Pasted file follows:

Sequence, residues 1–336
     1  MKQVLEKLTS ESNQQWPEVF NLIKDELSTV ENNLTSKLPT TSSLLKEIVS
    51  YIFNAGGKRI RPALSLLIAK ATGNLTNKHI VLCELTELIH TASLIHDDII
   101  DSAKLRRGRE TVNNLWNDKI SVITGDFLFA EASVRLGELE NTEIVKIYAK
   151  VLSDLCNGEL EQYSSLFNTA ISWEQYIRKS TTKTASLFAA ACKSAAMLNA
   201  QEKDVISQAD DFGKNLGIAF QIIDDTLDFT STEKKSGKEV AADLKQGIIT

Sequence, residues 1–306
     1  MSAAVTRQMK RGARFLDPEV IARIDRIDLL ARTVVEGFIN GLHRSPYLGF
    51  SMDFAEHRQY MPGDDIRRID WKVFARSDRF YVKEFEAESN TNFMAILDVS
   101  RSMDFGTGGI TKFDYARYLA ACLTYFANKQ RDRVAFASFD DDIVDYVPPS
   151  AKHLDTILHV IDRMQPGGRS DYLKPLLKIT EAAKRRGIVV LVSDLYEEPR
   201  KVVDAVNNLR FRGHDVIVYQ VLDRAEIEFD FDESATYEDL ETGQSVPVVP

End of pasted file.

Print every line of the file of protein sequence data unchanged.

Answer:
Sequence, residues 1–336
     1  MKQVLEKLTS ESNQQWPEVF NLIKDELSTV ENNLTSKLPT TSSLLKEIVS
    51  YIFNAGGKRI RPALSLLIAK ATGNLTNKHI VLCELTELIH TASLIHDDII
   101  DSAKLRRGRE TVNNLWNDKI SVITGDFLFA EASVRLGELE NTEIVKIYAK
   151  VLSDLCNGEL EQYSSLFNTA ISWEQYIRKS TTKTASLFAA ACKSAAMLNA
   201  QEKDVISQAD DFGKNLGIAF QIIDDTLDFT STEKKSGKEV AADLKQGIIT

Sequence, residues 1–306
     1  MSAAVTRQMK RGARFLDPEV IARIDRIDLL ARTVVEGFIN GLHRSPYLGF
    51  SMDFAEHRQY MPGDDIRRID WKVFARSDRF YVKEFEAESN TNFMAILDVS
   101  RSMDFGTGGI TKFDYARYLA ACLTYFANKQ RDRVAFASFD DDIVDYVPPS
   151  AKHLDTILHV IDRMQPGGRS DYLKPLLKIT EAAKRRGIVV LVSDLYEEPR
   201  KVVDAVNNLR FRGHDVIVYQ VLDRAEIEFD FDESATYEDL ETGQSVPVVP